How to Cry More (and Why You Should)

How to Cry More (and Why You Should)

We have lots of reasons to suppress the urge to cry, from throwing a bully off your scent in grade school to trying to appear professional in an important meeting. You may have preconceived notions about how crying can make you seem weak, or that it’s an undesirable vibe to put out in tense situations. However, good things can come from crying when you do it in the safety of an emotionally supportive environment. Not only does it let people around you know that you need their help, it lets you release endorphins and stress so you can start feeling better.

Why do we cry, anyway?

Why we cry as a result of intense emotions or physical pain is an ongoing area of study. Consensus says crying functions a social signal to elicit comfort and support from other people. But from an evolutionary perspective, it’s very hard to study, researchers say, because humans are the only animals who cry. Other animals whine and vocalize, but humans are the only animals who do this coordinated action of producing tears, vocalizing, facial contractions, collapsing posture, and shuddering that we call crying.

Generally speaking, humans produce three types of tears

  • Basal: produced all the time for general eye health.
  • Irritant: for flushing harmful things out of the eye.
  • Emotional: caused by strong emotions and pain.

Reasons it’s good for you to cry

Like I mentioned, the main scientific theory for the value of crying is that it triggers empathy and compassion in others, thus promoting human connection. It’s a way for you (or a baby or anyone) to signal you need help and to make people who see and hear you crying more likely to help.

Aside from the social benefit, it’s widely believed that crying has physiological benefits, too. Some research shows that crying could be a form of self-soothing. It may help relieve pain by releasing opioids and oxytocin. In 2020, a small study showed that crying therapy improved emotions and physiology in breast cancer survivors. Grief therapist Gina Moffa, author of Moving on Doesn’t Mean Letting Go: A Modern Guide to Navigating Loss, says not only can crying elicit empathy from others, it helps us release stress and pent up emotions.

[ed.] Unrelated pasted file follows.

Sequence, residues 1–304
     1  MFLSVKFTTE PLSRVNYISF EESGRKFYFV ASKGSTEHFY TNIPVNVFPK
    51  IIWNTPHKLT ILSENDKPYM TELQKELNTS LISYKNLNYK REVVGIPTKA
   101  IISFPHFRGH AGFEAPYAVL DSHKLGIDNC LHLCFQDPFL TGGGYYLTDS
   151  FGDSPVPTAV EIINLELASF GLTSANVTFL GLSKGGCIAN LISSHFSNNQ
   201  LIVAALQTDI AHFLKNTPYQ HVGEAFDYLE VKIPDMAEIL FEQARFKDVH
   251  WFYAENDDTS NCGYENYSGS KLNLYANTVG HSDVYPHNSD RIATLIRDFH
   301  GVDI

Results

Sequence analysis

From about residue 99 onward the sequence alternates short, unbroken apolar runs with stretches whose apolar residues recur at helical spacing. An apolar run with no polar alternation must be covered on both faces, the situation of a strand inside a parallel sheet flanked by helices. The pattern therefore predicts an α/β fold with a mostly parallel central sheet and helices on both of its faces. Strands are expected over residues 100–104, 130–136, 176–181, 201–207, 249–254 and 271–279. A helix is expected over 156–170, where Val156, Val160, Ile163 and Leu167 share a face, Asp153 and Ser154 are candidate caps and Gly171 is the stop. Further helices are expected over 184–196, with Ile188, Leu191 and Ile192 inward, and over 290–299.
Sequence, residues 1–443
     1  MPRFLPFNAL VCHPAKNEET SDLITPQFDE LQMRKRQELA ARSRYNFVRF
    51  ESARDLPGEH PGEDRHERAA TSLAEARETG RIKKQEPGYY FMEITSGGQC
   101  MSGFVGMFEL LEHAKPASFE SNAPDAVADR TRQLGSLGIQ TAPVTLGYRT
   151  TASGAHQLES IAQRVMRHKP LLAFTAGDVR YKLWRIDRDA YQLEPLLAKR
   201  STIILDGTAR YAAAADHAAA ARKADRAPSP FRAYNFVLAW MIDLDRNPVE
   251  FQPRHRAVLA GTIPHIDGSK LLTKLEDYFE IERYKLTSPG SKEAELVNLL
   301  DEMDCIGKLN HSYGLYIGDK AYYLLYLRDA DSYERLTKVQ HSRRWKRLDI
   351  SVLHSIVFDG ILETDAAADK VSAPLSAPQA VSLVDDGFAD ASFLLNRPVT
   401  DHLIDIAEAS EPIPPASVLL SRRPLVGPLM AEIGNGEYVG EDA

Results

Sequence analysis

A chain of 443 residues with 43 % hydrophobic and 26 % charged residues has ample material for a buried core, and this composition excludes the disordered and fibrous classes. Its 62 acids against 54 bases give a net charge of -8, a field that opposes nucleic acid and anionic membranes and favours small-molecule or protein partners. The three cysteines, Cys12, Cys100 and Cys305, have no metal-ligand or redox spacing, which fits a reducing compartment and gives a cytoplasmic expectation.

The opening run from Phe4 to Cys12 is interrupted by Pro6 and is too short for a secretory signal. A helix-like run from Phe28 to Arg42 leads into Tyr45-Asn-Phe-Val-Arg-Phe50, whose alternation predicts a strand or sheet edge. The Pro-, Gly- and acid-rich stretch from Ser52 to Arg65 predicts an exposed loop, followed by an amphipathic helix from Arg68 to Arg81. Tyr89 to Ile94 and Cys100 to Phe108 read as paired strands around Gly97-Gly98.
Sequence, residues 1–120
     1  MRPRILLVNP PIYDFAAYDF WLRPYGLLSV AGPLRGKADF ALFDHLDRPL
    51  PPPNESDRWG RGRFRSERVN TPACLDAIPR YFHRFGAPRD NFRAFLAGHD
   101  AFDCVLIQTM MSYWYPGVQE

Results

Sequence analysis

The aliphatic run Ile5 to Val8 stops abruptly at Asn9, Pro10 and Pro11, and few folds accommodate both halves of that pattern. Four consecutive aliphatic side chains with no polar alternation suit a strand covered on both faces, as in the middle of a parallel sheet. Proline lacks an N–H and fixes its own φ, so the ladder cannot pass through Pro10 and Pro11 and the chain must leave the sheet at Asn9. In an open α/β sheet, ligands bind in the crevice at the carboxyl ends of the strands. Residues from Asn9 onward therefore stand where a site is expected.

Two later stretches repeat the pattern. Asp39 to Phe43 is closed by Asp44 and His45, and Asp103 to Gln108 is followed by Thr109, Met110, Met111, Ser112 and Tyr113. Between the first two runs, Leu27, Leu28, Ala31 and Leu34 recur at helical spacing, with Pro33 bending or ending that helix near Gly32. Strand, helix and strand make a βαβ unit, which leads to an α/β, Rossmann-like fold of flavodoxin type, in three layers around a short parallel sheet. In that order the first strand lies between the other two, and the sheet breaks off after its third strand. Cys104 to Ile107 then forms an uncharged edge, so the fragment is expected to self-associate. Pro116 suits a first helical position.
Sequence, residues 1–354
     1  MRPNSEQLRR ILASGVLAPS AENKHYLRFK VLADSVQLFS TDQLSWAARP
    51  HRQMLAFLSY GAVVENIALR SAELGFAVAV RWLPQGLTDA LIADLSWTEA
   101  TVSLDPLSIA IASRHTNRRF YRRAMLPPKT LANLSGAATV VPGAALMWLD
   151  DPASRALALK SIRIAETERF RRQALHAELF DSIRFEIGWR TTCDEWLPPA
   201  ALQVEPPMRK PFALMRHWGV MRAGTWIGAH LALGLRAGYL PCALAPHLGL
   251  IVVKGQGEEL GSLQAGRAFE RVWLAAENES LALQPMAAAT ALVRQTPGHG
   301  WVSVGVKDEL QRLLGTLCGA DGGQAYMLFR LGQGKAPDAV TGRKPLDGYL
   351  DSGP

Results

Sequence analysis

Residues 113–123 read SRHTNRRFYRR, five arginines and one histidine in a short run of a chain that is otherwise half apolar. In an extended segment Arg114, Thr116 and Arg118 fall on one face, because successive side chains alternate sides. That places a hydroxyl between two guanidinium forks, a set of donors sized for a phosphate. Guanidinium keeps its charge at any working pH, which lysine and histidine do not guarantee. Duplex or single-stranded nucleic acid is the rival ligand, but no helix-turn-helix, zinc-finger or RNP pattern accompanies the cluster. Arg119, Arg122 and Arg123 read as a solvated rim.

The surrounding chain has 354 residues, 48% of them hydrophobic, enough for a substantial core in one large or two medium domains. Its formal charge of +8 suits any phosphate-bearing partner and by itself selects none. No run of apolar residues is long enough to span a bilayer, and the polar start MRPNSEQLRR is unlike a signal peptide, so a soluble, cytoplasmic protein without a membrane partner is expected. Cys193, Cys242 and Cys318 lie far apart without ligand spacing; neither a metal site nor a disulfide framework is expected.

“Crying can be a therapeutic release that releases endorphins and helps to create a sense of calm,” she says. “Emotional tears can help us flush out toxins in our bodies, lubricate our eyes, or lower blood pressure and reduce distress. It can have a social benefit of eliciting empathy or care from people around us that can help us feel safer and coregulated.”

While there’s no evidence that you need to cry on a certain schedule, she says, it is encouraged to let your tears flow in a safe way and in a safe place.

How to turn on the waterworks

So, we’ve established that crying is important, but how do you do it? If you’re a person who has worked hard to hold back tears in the past, letting them flow freely may take some practice.

“For some people who were taught emotions were not safe or for those who have not been modelled how to express emotions, crying can seem elusive,” Moffa says. “Some of the ways I recommend to allow the emotions to be released through tears is to make a playlist of moving and personal songs, to journal and write freely about feelings, watch a meaningful or sad movie, [try] somatic release, or on a more positive note, create a genuine gratitude practice.”

Maybe you’ve seen the trending TikToks about a somatic release technique to induce crying. It’s worth a try, Moffa says, but be sure to do it in an environment where you can get emotional support.

“I believe in the safe release of our emotions, whether through tears we have naturally or tears we trigger. It can be a healthy release to try a somatic release exercise we have been seeing all over social media. My caveat is that you are in a safe place and have support if needed afterward,” she said.

7 techniques to help make yourself cry

If you need some additional resources to help open the floodgates, try one (or several) of the techniques below.

  • Make a sad playlist of songs that get you every time (you know the ones).
  • Just ask TikTok or YouTube for videos that will make you cry. See what pushes your tear button, whether it’s inspirational, sentimental, sad, or tragic.
  • Try somatic self care.
  • Listen to a sad podcast.
  • Watch a guaranteed tearjerker movie.
  • Journal about your personal sadness and grief.
  • Try a yoga pose to release sadness. (Pigeon is often cited to cause crying.)

Lead Image Credit: Ian Moore

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